- Common names
- Hawaiian red shrimp, Volcano shrimp, Super shrimp
- 7.5 - 8.5
20 - 30 °C
68 - 86 °F
- 1.008 - 1.018 sg
- 15 - 20 years
- 15 mm / 0.6 inches
Opae Ula shrimp are tiny red shrimp that live in brackish water, and are only found around Hawaii.
They’re a fantastic choice for a beginner’s first shrimp tank. They’re really easy to care for and need very little maintenance.
It’s super simple to start your own Opae Ula tank.
In the wild, they live in small pools of water that are a mixture of freshwater and seawater. These pools have a salinity level roughly in the middle of these two types of water.
Names and meanings
The scientific name for these shrimp is Halocaridina rubra.
Their Hawaiian name, Opae’ula, literally translates to red shrimp. This is the name they’re called most often.
They’ve also got a few other names they’re known by:
- Hawaiian red shrimp
- Volcano shrimp
- Super shrimp
Opae Ula colours
Opae Ula shrimp can be any colour around the red spectrum, like yellow, orange, red, pink. They can sometimes be almost completely clear or white too.
They’re called Hawaiian red shrimp because red is the most common colour, the others are a bit rarer.
It’s believed that most of the shrimp from the main Island and Maui are a deep red colour. The shrimp found near the O’ahu island are lighter in colour, being pink or almost clear.
Opae Ula can also turn nearly transparent when they’re stressed. For example, when I use an algae scraper in my tank, it scares them a bit and their red colour seems to fade for a few hours. The colour comes back when they’re comfortable exploring again.
This is probably a way to help them camouflage into their surroundings a bit better, and make them feel safe.
Don’t panic if your shrimp are all clear, it can be a completely normal and healthy colour for them.
Watch for changes in colour instead. Deep red shrimp suddenly turning white could be a big problem.
What do they eat?
These shrimp have an absolutely tiny bioload as they don’t eat very much. This is part of the reason they’re so low maintenance.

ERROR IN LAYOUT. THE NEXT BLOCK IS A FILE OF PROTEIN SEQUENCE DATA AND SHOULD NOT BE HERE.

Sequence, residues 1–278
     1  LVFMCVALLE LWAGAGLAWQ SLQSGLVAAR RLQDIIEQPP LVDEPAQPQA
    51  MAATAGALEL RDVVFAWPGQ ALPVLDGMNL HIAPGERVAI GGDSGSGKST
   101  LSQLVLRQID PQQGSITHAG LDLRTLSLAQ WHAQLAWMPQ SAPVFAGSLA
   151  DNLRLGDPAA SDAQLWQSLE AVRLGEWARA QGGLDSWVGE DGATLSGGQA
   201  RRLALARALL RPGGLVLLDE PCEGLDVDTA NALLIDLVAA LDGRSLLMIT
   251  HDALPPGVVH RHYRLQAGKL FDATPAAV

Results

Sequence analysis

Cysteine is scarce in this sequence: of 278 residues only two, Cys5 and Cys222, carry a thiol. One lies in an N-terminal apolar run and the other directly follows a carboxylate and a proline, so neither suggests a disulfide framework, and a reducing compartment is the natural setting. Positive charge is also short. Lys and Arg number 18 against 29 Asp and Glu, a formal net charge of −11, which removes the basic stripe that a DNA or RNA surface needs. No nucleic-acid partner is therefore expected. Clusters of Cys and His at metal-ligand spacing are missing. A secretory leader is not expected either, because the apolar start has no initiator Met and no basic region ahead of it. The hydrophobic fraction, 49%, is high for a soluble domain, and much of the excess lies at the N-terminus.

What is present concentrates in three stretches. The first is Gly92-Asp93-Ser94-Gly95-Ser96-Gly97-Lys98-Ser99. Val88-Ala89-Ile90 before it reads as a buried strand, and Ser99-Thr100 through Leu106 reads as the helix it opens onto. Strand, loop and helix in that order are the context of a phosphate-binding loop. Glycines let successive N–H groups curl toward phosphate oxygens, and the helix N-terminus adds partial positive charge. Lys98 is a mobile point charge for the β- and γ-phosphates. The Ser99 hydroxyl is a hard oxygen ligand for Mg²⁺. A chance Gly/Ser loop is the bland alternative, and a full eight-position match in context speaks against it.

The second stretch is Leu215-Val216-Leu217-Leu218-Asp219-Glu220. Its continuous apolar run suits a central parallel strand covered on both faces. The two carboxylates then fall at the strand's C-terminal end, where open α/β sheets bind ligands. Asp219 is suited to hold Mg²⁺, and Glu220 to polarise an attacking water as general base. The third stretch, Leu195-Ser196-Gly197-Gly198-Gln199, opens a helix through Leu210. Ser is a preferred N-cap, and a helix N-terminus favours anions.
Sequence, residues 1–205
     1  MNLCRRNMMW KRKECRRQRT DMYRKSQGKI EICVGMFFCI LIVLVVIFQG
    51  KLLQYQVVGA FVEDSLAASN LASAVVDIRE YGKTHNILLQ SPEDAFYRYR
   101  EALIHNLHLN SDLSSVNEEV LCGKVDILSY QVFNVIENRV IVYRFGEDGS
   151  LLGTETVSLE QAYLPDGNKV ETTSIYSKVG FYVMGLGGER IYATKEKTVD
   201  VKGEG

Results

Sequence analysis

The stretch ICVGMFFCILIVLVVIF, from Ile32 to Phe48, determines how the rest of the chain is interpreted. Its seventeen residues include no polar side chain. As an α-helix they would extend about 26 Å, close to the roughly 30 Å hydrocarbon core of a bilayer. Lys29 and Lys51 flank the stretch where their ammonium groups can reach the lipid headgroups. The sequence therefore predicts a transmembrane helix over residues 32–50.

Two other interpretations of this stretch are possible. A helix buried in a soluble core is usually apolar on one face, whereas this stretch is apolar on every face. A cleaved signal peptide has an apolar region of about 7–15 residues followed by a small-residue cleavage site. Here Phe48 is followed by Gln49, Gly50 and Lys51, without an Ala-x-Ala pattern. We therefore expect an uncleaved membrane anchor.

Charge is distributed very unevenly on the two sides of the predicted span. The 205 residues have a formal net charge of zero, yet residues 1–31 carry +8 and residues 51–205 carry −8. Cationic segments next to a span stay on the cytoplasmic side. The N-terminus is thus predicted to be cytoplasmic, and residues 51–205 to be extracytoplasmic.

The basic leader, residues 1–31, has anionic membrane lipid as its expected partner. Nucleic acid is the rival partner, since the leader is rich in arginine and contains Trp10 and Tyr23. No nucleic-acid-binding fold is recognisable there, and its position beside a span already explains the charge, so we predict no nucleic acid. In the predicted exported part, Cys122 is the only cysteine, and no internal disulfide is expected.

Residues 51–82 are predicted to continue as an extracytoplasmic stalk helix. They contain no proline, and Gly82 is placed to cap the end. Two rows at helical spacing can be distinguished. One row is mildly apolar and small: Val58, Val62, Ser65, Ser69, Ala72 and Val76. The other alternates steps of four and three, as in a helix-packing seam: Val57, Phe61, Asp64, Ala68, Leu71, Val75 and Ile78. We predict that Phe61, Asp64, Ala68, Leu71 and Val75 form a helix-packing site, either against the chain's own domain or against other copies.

Opae Ula will graze on the rocks and substrate in your tank all day and night. Small amounts of algae and biofilm will naturally grow over these surfaces and keep them well-fed.
You don’t really need to add any extra food if the tank’s been set up right and aged for a bit.
If you’d like to, you can feed tiny pieces of algae wafer or spirulina powder to make sure they’re eating enough.
Care and parameters
Opae Ula thrive in brackish water with a salinity between 1.008 and 1.018 sg. It’s a good idea to aim for roughly in the middle of this range, so you have a bit of wiggle room.
They don’t need a filter, nor do they need frequent water changes. I only do water changes on my tank every few months. This helps make sure they’ve got enough minerals in the water to molt safely and healthily.
They’re quite happy in a range of temperatures, but between 20 and 30 °C is ideal. You shouldn’t need a heater in the tank unless your room gets very cold.
On average, these shrimp live for between 10 and 15 years, but it’s possible for them to live for up to 20 years.
Their lifespan is much longer than other small shrimp species, like Neocaridina, which usually only live for up to 2 years.
Unfortunately, there’s not a lot of choice for tank mates in an Opae Ula tank.
Most other popular creatures live in either freshwater or saltwater, not the brackish middle ground.
The Malaysian Trumpet snail is one exception. These snails can live in both freshwater and brackish water, when they’re acclimated properly.
Trumpet snails will burrow in the sand, sifting it for food and shelter. This can help keep your substrate clean and avoid anaerobic gas pockets building up.
I’d definitely recommend adding a few Malaysian Trumpets if you like them. They’ll be a helpful member of the cleanup crew.
Getting Opae Ula to breed is pretty easy.
You’ll notice more breeding during the warmer summer months, and less activity in the winter.
They might take a few weeks or even months to start breeding in a new tank, though. They want some time to adjust to their surroundings and feel safe again.
Opae Ula babies hatch from their eggs into a larvae stage. They bob around the water surface, floating with their heads down for a few days, like a drop shape.
After a few days, they begin to grow their legs and can start swimming around, looking for biofilm and algae to eat.